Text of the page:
8. I have just finished “Everyone Brave” and I can’t express the emotions I felt as I read this exceptional piece of work. Well done Chris. I hope it makes the list for “Canada Reads” so everyone here gets to partake of such a great book. I definitely can say it has been one of my best reads in many years. Congrats to you and thanks should also be given to your friend Matt.
    Keep it up please. I have to run and brag about my new author to all my family (we are all great readers) and friends.
    Thanks again.

  9. Hi Chris,

    What a wonderful read. Your letters do not form words on a page; they seemingly migrate to each other as the need arises, from simple elegance to the heart of feeling. What a tremendous joy it was to read ‘Everyone brave is forgiven’. The previous books will now be at the top of my ‘must read’ list. Thank you for bringing language alive once again. God Bless.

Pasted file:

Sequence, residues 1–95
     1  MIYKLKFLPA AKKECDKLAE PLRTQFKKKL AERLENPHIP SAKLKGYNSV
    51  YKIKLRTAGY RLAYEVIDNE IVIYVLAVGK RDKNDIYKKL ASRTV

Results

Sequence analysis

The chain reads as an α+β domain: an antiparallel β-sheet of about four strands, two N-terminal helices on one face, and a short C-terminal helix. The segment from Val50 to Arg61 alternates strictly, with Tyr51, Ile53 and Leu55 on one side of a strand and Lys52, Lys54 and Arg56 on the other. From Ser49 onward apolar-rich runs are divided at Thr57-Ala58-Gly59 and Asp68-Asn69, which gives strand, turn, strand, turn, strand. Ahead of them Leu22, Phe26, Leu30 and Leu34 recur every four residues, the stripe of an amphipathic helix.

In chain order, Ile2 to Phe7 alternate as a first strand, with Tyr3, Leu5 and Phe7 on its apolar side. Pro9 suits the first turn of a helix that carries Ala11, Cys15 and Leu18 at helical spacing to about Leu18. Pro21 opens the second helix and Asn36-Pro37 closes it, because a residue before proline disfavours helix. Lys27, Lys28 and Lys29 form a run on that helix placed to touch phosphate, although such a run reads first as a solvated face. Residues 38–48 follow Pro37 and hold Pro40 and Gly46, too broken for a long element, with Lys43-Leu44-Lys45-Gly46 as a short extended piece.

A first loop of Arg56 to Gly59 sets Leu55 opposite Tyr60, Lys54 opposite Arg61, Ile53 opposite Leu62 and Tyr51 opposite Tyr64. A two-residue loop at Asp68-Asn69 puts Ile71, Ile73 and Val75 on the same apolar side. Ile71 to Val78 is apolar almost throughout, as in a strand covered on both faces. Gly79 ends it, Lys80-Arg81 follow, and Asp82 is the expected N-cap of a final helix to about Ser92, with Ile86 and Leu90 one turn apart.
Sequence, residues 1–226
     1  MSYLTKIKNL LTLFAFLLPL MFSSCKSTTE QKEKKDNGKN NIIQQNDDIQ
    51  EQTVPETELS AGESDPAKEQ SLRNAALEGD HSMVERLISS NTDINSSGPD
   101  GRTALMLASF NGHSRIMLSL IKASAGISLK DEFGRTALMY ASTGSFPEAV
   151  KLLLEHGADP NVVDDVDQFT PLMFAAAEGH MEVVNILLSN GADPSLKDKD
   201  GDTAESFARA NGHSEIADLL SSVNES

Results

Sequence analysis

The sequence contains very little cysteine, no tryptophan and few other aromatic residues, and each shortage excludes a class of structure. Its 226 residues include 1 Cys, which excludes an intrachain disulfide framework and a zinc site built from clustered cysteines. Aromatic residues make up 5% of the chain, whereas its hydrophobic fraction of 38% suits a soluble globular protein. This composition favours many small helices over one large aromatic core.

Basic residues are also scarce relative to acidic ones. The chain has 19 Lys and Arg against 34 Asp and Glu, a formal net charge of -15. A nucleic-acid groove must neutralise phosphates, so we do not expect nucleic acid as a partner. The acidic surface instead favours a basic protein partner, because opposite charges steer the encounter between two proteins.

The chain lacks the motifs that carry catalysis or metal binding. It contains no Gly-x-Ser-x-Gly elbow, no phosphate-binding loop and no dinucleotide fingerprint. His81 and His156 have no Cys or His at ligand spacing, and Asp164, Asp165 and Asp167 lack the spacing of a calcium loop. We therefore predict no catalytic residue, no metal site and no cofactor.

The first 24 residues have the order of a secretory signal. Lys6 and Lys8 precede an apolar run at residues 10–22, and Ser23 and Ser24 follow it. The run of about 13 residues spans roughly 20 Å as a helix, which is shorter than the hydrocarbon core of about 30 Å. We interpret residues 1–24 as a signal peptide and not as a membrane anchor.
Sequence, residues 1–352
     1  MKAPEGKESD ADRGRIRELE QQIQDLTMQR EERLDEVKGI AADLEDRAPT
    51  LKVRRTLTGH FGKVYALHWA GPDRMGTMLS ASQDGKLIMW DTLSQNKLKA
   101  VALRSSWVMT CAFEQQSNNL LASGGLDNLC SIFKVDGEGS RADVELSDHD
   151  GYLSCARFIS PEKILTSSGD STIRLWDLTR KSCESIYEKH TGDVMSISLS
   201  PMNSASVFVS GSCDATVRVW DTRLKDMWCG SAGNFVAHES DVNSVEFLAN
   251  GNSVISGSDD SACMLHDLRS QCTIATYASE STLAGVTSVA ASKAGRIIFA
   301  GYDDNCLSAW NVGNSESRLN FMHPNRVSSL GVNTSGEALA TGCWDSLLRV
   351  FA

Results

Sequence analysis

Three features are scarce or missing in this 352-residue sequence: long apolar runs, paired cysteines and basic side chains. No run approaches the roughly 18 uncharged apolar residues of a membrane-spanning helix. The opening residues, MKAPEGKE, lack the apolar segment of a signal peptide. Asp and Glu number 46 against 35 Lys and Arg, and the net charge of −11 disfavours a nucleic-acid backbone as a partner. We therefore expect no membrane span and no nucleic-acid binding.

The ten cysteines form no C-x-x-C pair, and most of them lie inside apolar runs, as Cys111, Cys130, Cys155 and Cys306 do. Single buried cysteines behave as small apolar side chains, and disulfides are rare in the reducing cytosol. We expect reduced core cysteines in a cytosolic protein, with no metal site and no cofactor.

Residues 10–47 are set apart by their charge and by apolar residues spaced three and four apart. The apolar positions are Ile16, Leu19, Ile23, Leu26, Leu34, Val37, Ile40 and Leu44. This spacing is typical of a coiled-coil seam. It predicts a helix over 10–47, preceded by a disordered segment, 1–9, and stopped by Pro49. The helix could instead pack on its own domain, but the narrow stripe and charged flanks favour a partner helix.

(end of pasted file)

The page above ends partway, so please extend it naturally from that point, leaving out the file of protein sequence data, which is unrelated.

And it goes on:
Steve Kerr

  10. Hi Chris,
    I have read Little Bee and Everyone Brave Is Forgiven.
    I was riveted by both of them and will go on to read the others.
    Thank you.

  11. Hello Chris

    I just finished Everyone Brave and loved it, as I have loved all your books. I heard you interviewed on National Radio here in New Zealand and it was such a pleasure to hear your voice. I don’t think Alistair’s infected hand and Hilda’s gift of life to Mary will ever leave me… what a treat to be taken to blitzed London and sieged Malta these last few nights – sounds weird but I couldn’t wait to be transported there! I hope you make it to Auckland for a visit – who knows what story you would make of us!